‘Crying Bullets’

Loss hurts.

No kidding.

And for some, it seems impossible to deal with.

And for the hours following the attacks on Columbine High School in April 1999, it almost seemed as though the United States shook. In the end, 13 people were killed. Many students were hospitalized. Everyone else was left thinking why and how it happened.

Rick Weinberg is a clinical psychologist and associate professor at Louis de la Parte Florida Mental Health Institute (FMHI). In the mid-1980s, he worked closely with Hillsborough County Schools as part of a crisis intervention team.

“The whole community is affected, for one. Sometimes a whole nation can be affected,” Weinberg said.

Even now, the words “school violence” may bring with them more questions than answers.

Randy Borum of the FMHI has been working with the National Threat Assessment Center of the U.S. Secret Service and the U.S. Department of Education to find some of these answers and develop strategies to prevent these acts from happening again. The alliance, known as the Safe School Initiative, studied 37 incidences of “targeted school violence.” Targeted school violence is defined as school shootings and other acts of violence where the school is the planned target for the attack.

Despite the focus on Columbine and the string of violence through the 1990s, school violence has existed for some time. The earliest incident studied in its final report is from 1974.

According to the findings in the report, many of the perpetrators had problems dealing with loss. Many had attempted suicide or had suicidal thoughts.

“Many of the attackers had come to experience life or their current situation as unbearably stressful,” Borum said. “In many cases, there was some loss or loss of status that preceded the attack.”

This could have included, he said, an episode of bullying or humiliation, or the proverbial “straw that broke the camel’s back” in the person’s coping ability.

The attackers studied ranged in age from 11 to 21 across 26 states. All 41 attackers studied were male.

When asked why all the attackers were male, Borum referred to the writing of Safe School Initiative colleague, William Pollack, who wrote that society’s repression of boys feelings causes them to “cry bullets.”

According to the Safe School Initiative Final Report, 61 percent of attackers studied had revenge as a motive. The events were planned, not impulsive.

“Most striking is the fact that nearly all of the attackers had communicated to someone else their ideas, plan or intent to mount an attack before the attack occurred,” Borum said.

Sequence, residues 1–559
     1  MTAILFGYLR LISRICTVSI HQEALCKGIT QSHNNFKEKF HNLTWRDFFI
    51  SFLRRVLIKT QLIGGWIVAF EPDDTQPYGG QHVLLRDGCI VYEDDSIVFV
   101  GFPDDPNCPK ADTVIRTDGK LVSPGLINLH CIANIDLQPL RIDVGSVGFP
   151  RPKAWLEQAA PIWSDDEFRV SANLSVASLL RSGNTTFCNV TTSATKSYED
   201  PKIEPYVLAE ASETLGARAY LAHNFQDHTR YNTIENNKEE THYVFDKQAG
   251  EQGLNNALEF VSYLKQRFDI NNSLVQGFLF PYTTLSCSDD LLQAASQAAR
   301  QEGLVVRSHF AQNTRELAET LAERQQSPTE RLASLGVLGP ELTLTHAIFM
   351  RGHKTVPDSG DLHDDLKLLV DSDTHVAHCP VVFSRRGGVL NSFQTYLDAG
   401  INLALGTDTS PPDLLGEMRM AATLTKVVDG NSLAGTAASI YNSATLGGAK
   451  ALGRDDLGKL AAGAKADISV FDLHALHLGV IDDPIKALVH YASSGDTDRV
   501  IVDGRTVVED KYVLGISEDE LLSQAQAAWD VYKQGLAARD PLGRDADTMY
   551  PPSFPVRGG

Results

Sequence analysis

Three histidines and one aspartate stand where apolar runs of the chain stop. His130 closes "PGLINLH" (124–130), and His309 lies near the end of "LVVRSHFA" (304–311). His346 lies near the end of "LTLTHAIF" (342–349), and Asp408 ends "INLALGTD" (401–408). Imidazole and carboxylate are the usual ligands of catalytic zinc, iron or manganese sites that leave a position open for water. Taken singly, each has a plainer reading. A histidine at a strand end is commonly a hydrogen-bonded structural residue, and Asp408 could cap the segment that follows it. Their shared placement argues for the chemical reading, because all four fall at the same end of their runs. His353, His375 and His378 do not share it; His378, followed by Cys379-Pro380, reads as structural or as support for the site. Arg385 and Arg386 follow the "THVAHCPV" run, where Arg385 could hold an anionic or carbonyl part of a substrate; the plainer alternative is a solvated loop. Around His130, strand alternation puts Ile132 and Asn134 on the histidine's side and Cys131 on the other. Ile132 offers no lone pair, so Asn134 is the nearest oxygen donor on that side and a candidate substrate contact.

This is the next question Borum said he wants to answer.

“This is obviously complex, but we want to determine what barriers exist for students who hear that ‘Johnny told some friends that they shouldn’t be around the library at 9 o’clock on Friday morning because something bad is going to happen,'” he said.

School violence increased greatly in the 1990s with 28 of the 37 incidents studied occurring in that decade.

Weinberg said that the reason for the increase in school violence its multifaceted. He listed ready access to firearms, bullying by peers, televisions violence, social conditions and single shooter video games, as some of the complicating factors leading to school violence.

He also seemed to put some blame on U.S. leaders.

“A good question to ask would be; ‘Is that the state of the union right now,'” Weinberg said. “We’re overly eager to use violent means to solve conflict.”

As for what happens to the victims of the attack, the immediate effects include the obvious health impacts, acute stress syndrome and post traumatic stress disorder, Weinberg said. The long-term effects can go in two different directions.

“The trajectory of their life is going to be changed and certainly it can be negative, but can be positive,” Weinberg said. “No one would ever wish this sort of tragedy on anyone, but it all depends on how you deal with it.”

He recommended people talk about their losses to cope with school violence trauma.

If a student or faculty member thinks someone might resort to an act of violence, Borum had the following advice:

“Listen. Despite the fact that adults thought the student was troubled in some general way or experiencing significant difficulty, there was no apparent proactive effort to connect, hear the problem and restore hope,” Borum said. “These are not otherwise invisible kids. They are already on somebody’s radar screen as kids who need help.”

Borum also said that the key is not to assess a person as “the type” of kid to become a school shooter.

“Rather, the better assessment is to ask whether this kid is on a pathway to a violent act, and, if so, where is he on that path and how quickly is he moving.”

In some cases, the attackers have committed suicide, for others, the future is bleak.

“It’s pretty miserable. Young kids in adult prison with no hope of release,” Borum said, “The kids themselves generally said, in retrospect, it was the wrong thing to do.”

Contact Kristan Brightat oraclefeatures@yahoo.com